Buried microbes coax energy from rock

In experiments, microorganisms stimulate minerals to produce hydrogen, a key fuel for growth

Here’s yet another reason to marvel at microbes: Buried deep within Earth at temperatures and pressures that would kill most living beings, bacteria and other tiny organisms not only survive but apparently even coax the rocks around them to produce food.

Researchers have found that the mere presence of microbes triggers minerals to release hydrogen gas, which the organisms then munch. “It looks like the bacteria themselves have an integral role in liberating this energy,” says R. John Parkes, a geomicrobiologist at Cardiff University in Wales.

His team’s findings appear in the March issue of Geology.

The work helps explain how microbes can survive up to kilometers deep in a subterranean world far from any sunlight to fuel photosynthesis. Such “deep biospheres” may even exist on other planets, Parkes says, with organisms tucked safely away from frigid temperatures and lethal radiation at the surface.

On Earth, some two-thirds of all bacteria, along with another group of single-celled organisms known as archaea, are thought to lurk underground. Scientists have long wondered where these critters get their energy.

Earlier work showed that the microbes fed, in part, on decayed organic matter that settled to the seafloor and formed thick sediments there — a sort of microbial smorgasbord. Parkes and his colleagues decided to look instead at inorganic minerals that can wash offshore and also end up in those sediments.

The researchers ground up a variety of minerals, such as quartz, and put them in a sludgy sediment. In some mixtures they added a dash of microbes to start things off. The scientists then heated the mixtures to various temperatures up to 100 degrees Celsius — what might be found 3 to 4 kilometers deep — and waited to see what happened over several months.

Mixtures that contained microorganisms began giving off hydrogen gas as temperatures climbed to 70° C and above, the team found. Mixtures that had been sterilized so that nothing was living in them didn’t produce much hydrogen at all. Somehow, Parkes says, the microbes help stimulate chemical reactions within the minerals that make hydrogen.

“The results are curious, but not compelling,” says Steven D’Hondt, an oceanographer and geobiologist at the University of Rhode Island in Narragansett. For instance, he says, scientists would have to run the same experiments without any organic matter in the mixtures in order to be sure that the hydrogen was coming from the minerals and not from the organic matter.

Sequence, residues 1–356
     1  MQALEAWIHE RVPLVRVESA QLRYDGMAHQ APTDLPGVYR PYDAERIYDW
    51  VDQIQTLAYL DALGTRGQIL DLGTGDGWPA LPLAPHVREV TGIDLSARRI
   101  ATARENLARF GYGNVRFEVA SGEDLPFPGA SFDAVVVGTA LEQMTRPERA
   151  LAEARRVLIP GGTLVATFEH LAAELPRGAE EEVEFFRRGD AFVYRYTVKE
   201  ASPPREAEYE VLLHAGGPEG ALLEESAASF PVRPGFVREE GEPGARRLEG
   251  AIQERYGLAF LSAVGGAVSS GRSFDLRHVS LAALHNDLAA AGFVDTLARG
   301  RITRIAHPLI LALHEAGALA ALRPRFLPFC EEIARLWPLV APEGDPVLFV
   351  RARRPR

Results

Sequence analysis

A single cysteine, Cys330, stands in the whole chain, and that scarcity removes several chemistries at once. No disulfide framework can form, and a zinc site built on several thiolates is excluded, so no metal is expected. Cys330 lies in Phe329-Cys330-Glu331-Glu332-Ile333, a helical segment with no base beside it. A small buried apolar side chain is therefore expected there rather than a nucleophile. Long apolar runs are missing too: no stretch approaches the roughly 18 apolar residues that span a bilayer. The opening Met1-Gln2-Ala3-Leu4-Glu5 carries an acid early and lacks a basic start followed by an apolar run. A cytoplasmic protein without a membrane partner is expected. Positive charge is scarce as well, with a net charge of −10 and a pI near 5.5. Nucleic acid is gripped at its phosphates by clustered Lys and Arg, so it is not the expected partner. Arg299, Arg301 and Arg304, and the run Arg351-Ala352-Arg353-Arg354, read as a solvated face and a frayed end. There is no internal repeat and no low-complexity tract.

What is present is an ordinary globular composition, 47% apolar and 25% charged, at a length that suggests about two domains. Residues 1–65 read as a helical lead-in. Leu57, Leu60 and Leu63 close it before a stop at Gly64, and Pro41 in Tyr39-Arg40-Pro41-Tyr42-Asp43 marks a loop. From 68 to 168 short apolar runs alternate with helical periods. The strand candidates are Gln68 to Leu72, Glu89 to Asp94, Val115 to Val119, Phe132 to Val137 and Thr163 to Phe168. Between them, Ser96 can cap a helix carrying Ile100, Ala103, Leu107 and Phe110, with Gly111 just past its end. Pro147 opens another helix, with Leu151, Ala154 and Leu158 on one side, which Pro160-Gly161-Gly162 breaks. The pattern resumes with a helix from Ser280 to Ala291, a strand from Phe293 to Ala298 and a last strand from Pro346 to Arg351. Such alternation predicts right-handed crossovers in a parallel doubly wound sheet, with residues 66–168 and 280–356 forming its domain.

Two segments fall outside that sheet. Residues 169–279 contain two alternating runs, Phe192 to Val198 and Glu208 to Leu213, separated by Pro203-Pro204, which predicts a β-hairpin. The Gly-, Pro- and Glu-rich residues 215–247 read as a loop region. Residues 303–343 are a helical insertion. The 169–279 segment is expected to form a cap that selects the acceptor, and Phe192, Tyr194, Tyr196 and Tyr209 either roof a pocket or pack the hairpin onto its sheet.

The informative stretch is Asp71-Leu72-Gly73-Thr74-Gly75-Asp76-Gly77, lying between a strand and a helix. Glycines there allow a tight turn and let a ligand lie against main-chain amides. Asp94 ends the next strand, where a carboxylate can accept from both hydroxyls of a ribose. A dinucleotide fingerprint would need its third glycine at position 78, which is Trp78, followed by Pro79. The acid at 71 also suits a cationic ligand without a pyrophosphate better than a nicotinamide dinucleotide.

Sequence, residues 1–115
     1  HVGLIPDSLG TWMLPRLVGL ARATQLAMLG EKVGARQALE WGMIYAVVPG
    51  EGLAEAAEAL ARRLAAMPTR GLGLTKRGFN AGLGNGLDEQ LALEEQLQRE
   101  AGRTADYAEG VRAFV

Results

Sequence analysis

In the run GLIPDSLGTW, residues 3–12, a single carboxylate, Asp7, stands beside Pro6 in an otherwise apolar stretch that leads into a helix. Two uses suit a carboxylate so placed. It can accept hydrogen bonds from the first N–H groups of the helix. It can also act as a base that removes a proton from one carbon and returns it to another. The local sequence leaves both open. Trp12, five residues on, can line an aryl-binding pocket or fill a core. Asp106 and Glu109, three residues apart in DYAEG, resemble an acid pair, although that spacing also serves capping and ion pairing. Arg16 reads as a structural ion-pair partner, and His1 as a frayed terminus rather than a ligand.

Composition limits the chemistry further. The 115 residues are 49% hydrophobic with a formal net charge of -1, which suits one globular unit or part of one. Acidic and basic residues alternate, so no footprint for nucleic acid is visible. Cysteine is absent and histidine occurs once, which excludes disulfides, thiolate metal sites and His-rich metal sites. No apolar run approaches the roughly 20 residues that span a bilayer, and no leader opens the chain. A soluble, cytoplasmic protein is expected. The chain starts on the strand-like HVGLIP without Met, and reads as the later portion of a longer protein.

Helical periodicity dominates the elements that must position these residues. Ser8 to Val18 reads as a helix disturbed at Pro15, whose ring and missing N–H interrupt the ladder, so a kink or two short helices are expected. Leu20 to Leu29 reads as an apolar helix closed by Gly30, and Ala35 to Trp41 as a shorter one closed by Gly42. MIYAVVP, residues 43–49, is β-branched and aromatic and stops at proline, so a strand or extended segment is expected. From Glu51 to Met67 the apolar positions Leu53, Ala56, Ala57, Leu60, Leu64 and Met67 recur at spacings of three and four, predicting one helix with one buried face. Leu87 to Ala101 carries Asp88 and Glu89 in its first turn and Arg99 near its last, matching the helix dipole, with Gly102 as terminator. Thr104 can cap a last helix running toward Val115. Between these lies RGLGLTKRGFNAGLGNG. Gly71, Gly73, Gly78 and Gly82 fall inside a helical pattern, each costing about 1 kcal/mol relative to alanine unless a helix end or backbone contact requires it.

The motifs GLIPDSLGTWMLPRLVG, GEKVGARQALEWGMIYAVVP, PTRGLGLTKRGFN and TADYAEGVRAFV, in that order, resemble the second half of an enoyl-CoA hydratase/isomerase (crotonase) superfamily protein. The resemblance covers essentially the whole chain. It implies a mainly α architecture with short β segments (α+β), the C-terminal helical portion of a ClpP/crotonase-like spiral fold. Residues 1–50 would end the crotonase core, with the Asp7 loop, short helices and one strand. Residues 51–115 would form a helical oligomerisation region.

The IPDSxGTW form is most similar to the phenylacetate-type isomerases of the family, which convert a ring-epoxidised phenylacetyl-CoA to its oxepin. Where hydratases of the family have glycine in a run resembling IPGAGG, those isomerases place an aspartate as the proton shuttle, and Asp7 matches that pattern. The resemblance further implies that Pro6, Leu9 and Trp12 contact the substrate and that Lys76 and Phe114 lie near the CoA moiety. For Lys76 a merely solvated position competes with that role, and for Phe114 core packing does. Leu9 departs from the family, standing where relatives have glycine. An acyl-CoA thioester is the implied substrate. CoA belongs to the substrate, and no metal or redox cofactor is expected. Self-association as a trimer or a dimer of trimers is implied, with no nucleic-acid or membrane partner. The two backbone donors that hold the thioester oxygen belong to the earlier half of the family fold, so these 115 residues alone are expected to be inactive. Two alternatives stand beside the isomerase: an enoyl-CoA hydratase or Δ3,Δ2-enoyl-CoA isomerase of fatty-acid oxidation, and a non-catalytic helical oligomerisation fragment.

Earthquake zones and other places with lots of geological activity often produce hydrogen and other gases, Parkes says, maybe because freshly split rocks and minerals provide a surface that catalyzes chemical reactions, such as the breaking apart of water molecules to produce oxygen and hydrogen. “But people had not linked that to a direct energy source for deep-sediment bacteria, and neither had they shown that the bacteria themselves could actually catalyze this process,” he says. “The fascinating thing is that we have a mechanism of obtaining energy organically in the subsurface which has not really been considered before.”

Bo Barker Jørgensen, a microbiologist at the Max Planck Institute for Marine Microbiology in Bremen, Germany, says that most buried microbes probably live at shallow depths, not the 3- to 4-kilometer depths simulated in the new study. (The deepest confirmed microorganisms come from 1.6 kilometers in sediments, and 3.5 kilometers in solid rock.) But Jørgensen adds that the new work shows how various groups of subterranean microorganisms thrive at different temperature levels.

Surface-minded researchers might do well to start thinking a bit more deeply.

Alexandra Witze is a contributing correspondent for Science News. Based in Boulder, Colo., Witze specializes in earth, planetary and astronomical sciences.

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